Nigel Kneale, best known for creating Quatermass on television and adapting a highly controversial TV play of George Orwell's 1984, was recruited to open out the play so that it was not purely confined to one location, and with Oswald Morris on cinematography duties, at least the film was guaranteed to look good. Osborne and Richardson set up their own film company which they named Woodfall with a view to creating a new form of British cinema, one which was labelled kitchen sink drama, not entirely flatteringly either, and soon a new realism had the nation's movies by the throat. This ensured audiences, even those who didn't like the New Wave, expected differently now.

They didn't necessarily want searing, documentary-style authenticity about the way we lived now in every entertainment available to them, but a sense that the media was expanding to take in a variety of styles that would previously have been deigned experimental or box office poison for that matter, was in the air, and those audiences were beginning to embrace them. So where did this leave poor old Look Back in Anger (which you must try not to call Don't Look Back in Anger - thank Oasis for that)? It's true that being a pioneer does mean you are superseded by those which you influenced (or spawned), and it’s equally true that Richard Burton here was overtaken by a new breed of actor like Albert Finney, Alan Bates or Tom Courtenay who were able to capitalise on the fresh, exciting mood in the air of British artistic life.

This had Burton sliding further into dreadful alcoholism and the infamy of the gossip pages, eclipsing his very fine talent with a series of embarrassing movies that paid well and that was about all he had to show for them. To make matters worse, reassessments looked back in disdain at Burton's excellent work here and complained he was too old, too declamatory, for the part, but he makes an impression as Jimmy's rebellion is engulfed by his drab surroundings, his personal disappointments having him lash out at those who could help him, and finally becoming an embarrassment rather than a vital personality you can see flashes of when we have caught up with him. Ure, Osborne's wife at the time, matched him with a more vulnerable approach, and Claire Bloom as Alison's best friend Helena just about sold us on the idea her hatred of Jimmy could turn to love when she sees his own vulnerability at the point of a bereavement. It was all very intense, but yesterday's revolution can be tomorrow’s (class) war stories, though the film was valuable for all sorts of reasons.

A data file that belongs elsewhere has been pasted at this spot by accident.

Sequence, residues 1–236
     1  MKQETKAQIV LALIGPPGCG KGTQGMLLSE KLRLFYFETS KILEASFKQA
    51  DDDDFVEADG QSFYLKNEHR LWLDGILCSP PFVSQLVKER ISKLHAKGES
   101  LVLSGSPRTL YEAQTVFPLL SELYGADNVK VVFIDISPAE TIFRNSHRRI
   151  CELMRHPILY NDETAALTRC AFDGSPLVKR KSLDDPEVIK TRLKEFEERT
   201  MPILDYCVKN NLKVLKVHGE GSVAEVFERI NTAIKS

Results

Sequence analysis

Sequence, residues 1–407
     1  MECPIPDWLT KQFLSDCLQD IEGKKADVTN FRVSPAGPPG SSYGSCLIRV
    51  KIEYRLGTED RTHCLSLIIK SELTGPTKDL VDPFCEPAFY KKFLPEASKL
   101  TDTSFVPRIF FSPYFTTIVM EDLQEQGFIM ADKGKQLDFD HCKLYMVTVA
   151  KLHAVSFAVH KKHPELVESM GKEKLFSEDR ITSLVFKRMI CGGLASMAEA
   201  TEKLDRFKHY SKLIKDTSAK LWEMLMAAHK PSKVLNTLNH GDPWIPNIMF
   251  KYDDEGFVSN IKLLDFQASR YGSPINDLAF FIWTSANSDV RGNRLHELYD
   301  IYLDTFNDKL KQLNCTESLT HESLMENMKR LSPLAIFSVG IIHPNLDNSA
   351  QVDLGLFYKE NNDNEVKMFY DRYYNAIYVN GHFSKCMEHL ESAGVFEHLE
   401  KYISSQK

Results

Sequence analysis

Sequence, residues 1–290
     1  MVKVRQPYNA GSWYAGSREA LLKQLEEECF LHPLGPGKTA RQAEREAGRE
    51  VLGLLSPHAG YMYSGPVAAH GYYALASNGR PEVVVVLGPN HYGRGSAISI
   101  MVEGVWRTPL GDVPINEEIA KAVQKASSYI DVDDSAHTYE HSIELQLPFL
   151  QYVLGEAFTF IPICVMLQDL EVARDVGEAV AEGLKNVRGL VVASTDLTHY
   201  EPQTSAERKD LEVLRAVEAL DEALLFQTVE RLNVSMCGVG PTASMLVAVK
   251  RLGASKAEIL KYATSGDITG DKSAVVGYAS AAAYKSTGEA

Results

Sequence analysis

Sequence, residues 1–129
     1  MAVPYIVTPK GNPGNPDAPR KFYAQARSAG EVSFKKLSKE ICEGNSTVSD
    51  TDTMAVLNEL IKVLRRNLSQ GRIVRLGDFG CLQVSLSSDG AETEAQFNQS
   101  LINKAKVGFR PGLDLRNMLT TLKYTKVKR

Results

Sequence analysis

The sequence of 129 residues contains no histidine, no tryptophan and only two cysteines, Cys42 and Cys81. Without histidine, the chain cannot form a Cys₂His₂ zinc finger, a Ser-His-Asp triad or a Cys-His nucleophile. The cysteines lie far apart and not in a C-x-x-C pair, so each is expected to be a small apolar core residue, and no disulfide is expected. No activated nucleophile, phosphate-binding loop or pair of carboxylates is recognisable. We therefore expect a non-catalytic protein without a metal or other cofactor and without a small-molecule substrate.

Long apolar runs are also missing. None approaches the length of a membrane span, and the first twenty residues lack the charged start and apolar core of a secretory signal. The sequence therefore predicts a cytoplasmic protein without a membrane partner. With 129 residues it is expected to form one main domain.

[Available as part of the BFI's Woodfall box set on Blu-ray and DVD, which includes these fully restored films:

Look Back in Anger (Tony Richardson, 1959)
The Entertainer (Tony Richardson, 1960)
Saturday Night and Sunday Morning (Karel Reisz, 1960)
A Taste of Honey (Tony Richardson, 1961)
The Loneliness of the Long Distance Runner (Tony Richardson, 1962)
Tom Jones (Tony Richardson, 1963) (New 4K digital restorations of the original theatrical version of the film and the 1989 director's cut)
Girl with Green Eyes (Desmond Davis, 1964)
The Knack ...and how to get it (Richard Lester, 1965).

All that plus 20 hours of extras: short films, featurettes, interviews, audio commentaries and an extensive booklet.]
Reviewer: Graeme Clark

 

This review has been viewed 1581 time(s).

As a member you could Rate this film

 
Review Comments (0)


Untitled 1

Login
  Username:
 
  Password:
 
   
 
Forgotten your details? Enter email address in Username box and click Reminder. Your details will be emailed to you.
   

Latest Poll
Which star probably has psychic powers?
Laurence Fishburne
Nicolas Cage
Anya Taylor-Joy
Patrick Stewart
Sissy Spacek
Michelle Yeoh
Aubrey Plaza
Tom Cruise
Beatrice Dalle
Michael Ironside
   
 
   

Recent Visitors
Graeme Clark
Andrew Pragasam
Darren Jones
Enoch Sneed
  Paul Tuersley
  Chris Garbutt
  Sdfadf Rtfgsdf
Stately Wayne Manor
   

 

Last Updated: